The Coordinating Council for Minority Issues, the precursor to OMSA, came to be as a result of suggestions made in 1986 by an ad hoc committee of students, faculty, and staff which was chaired by Professor Dorothy Norton. The Norton Report, as it came to be called, made a number of recommendations which were designed to halt the decrease in Black student enrollment. In 1987, then-president Hannah Gray directed the formation of the Coordinating Council for Minority Issues (CCMI).
In the years since its inception, CCMI grew from an ad hoc committee with a volunteer chairperson to a formal office within Central Administration, complete with professional permanent staff. On November 20, 2002, the name of this office was officially changed to the Office of Minority Student Affairs to better describe our main mission - promoting recruitment, retention, and quality of campus life of minority students.
In 2003 the Amandla Center, "Amandla" is a South African Zulu word for "power"; was established to celebrate and embrace cultural diversity at the University of Chicago. The space has evolved and now it is part of 5710 S. Woodlawn, the home of the Office of Multicultural Student Affairs, the Office of LGBTQ Student Life, and the Amandla Lounge.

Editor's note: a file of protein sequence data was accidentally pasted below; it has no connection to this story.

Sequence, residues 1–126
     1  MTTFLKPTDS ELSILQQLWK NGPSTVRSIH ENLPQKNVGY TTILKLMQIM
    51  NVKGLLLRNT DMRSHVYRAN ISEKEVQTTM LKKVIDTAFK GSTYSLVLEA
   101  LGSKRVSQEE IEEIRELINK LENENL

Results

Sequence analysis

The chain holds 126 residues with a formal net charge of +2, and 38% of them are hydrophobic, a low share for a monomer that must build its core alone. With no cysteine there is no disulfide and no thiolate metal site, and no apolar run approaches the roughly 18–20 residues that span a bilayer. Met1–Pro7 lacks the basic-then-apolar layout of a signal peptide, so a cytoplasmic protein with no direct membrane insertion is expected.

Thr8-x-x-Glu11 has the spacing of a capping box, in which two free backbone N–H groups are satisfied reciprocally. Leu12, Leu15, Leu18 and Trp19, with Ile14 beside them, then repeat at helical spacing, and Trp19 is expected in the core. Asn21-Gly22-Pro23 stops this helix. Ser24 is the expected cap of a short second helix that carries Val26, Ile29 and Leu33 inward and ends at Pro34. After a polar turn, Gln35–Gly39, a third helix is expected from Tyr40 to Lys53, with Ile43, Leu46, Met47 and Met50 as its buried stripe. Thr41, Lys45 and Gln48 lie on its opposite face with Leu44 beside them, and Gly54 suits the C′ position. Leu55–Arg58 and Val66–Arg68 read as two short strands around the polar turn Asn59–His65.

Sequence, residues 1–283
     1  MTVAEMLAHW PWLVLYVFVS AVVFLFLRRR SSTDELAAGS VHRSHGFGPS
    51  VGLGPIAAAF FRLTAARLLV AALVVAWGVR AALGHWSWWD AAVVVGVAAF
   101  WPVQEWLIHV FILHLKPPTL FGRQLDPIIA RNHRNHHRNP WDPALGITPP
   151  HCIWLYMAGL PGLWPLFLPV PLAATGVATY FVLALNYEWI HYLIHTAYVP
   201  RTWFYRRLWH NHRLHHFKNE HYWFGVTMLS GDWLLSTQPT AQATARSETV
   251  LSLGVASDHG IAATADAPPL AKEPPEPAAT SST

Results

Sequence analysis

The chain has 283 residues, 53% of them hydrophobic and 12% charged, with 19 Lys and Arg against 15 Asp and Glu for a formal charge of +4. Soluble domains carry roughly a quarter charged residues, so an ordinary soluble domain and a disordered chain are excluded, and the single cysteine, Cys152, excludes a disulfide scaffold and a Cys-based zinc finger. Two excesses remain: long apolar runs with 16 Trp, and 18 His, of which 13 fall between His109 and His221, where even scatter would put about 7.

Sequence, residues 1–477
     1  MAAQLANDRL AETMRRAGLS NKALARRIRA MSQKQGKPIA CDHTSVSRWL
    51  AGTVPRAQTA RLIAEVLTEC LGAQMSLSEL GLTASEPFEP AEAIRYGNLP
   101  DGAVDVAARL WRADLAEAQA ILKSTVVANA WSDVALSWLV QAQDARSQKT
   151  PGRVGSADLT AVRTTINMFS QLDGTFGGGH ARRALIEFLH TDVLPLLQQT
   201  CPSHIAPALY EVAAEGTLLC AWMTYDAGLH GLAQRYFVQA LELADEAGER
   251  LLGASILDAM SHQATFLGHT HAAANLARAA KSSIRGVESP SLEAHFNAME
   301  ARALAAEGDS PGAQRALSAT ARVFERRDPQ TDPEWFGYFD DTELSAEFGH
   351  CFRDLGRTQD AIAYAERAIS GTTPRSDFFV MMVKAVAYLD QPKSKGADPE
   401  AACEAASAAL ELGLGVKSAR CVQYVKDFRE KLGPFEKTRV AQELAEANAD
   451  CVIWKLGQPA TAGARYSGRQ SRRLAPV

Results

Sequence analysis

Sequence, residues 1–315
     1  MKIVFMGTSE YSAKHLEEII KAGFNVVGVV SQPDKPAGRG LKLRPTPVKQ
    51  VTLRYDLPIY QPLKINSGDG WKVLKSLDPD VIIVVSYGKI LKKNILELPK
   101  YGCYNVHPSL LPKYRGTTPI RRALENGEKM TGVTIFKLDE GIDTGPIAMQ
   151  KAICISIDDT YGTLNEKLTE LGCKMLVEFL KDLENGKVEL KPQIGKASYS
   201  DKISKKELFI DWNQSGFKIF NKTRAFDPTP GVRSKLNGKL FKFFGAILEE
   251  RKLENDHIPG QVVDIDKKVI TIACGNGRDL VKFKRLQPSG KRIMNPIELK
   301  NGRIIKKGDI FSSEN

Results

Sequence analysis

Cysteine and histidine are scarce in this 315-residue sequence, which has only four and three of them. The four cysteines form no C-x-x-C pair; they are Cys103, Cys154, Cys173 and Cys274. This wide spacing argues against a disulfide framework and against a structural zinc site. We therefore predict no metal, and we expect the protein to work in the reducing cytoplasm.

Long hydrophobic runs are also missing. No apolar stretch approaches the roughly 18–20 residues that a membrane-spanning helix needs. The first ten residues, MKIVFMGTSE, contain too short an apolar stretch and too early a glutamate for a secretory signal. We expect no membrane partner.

On July 1, 2007 the name of this office was changed to the Office of Multicultural Student Affairs. This change reflects both student and staff input, and more accurately reflects the mission and work of the office. The Office of Multicultural Student Affairs recognizes and honors the complex, multifaceted, and nuanced nature of identity.
On February 26, 2008, a renovated house at 5710 South Woodlawn opened as the new home for OMSA and the Office of LGBTQ Student Life. 5710 is a student-centered space that enhances the overall campus experience for students of color and LGBTQ students and will serve as a vibrant hub for students to congregate together, join in programming and community-building, and work closely with staff from both offices.
Throughout the year, OMSA works closely with campus partners and student organizations to address the needs of multicultural students at both the undergraduate and graduate/professional levels.
All OMSA staff members have an open door policy and are available to answer questions and hear your concerns. If we are unable to assist you, we can direct you to someone who can.
Additionally, Bias Education and Support Team (BEST) members are available to support and guide students in determining how to handle incidents of bias.
The University of Chicago is a hub of different people and cultures and you can often find these variations often find expression through our student organizations. There are over 40 multicultural student organizations, both for College students, and for Graduate and Professional School students. You can also search the most up-to-date list of multicultural student organizations on the Center for Leadership and Involvement's page Blueprint. We encourage you to check them out and get involved in the activities that interest you.